Radiotherapy to treat brain tumors can potentially harm the central nervous system (CNS). The radiation stimulates a series of immune responses in both the CNS as well as peripheral immune system. To date, studies have mostly focused on the changes occurring in the immune response within the CNS. In this study, we investigated the effect of γ-ray-induced CNS injury on the peripheral immune response using a cell co-culture model and a whole-brain irradiation (WBI) rat model. Nerve cells (SH-SY5Y and U87 MG cells) were γ-ray irradiated, then culture media of the irradiated cells (conditioned media) was used to culture immune cells (THP-1 cells or Jurkat cells). Analyses were performed based on the response of immune cells in conditioned media. Sprague-Dawley rats received WBI at different doses, and were fed for one week to one month postirradiation. Spleen and peripheral blood were then isolated and analyzed. We observed that the number of monocytes in peripheral blood, and the level of NK cells and NKT cells in spleen increased after CNS injury. However, the level of T cells in spleen did not change and the level of B cells in the spleen decreased after γ-ray-induced CNS injury. These findings indicate that CNS injury caused by ionizing radiation induces a series of changes in the peripheral immune system.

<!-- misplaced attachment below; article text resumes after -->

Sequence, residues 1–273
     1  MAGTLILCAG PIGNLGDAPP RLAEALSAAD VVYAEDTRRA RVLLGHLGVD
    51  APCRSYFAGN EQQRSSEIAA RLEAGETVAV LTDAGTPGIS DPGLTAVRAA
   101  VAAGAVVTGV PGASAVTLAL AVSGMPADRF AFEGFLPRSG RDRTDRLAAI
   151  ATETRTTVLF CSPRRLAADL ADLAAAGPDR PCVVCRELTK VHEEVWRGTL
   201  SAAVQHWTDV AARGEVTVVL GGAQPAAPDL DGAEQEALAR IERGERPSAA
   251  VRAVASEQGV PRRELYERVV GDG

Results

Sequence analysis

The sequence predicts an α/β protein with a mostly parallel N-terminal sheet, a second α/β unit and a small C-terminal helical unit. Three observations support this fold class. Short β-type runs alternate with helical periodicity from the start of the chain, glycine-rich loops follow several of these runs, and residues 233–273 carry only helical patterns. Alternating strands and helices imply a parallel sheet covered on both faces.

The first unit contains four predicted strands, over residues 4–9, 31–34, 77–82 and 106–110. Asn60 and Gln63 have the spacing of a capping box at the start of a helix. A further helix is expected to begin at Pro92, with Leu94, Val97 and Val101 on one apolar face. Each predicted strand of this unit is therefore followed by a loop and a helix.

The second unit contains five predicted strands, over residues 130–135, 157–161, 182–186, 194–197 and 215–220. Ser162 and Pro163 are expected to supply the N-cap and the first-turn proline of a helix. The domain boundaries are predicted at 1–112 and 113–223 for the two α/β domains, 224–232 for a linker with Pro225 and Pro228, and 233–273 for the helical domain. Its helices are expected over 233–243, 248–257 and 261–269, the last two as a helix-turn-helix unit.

The Effect of Gamma-Ray-Induced Central Nervous System Injury on Peripheral Immune Response: An In Vitro and In Vivo Study
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Peng Zhang, Yu Chen, Huiyang Zhu, Liben Yan, Chunli Sun, Sizhu Pei, Adil Farooq Lodhi, Hao Ren, Yanan Gao, Robina Manzoor, Bo Li, Yulin Deng, Hong Ma; The Effect of Gamma-Ray-Induced Central Nervous System Injury on Peripheral Immune Response: An In Vitro and In Vivo Study. Radiat Res 1 October 2019; 192 (4): 440–450. doi: https://doi.org/10.1667/RR15378.1
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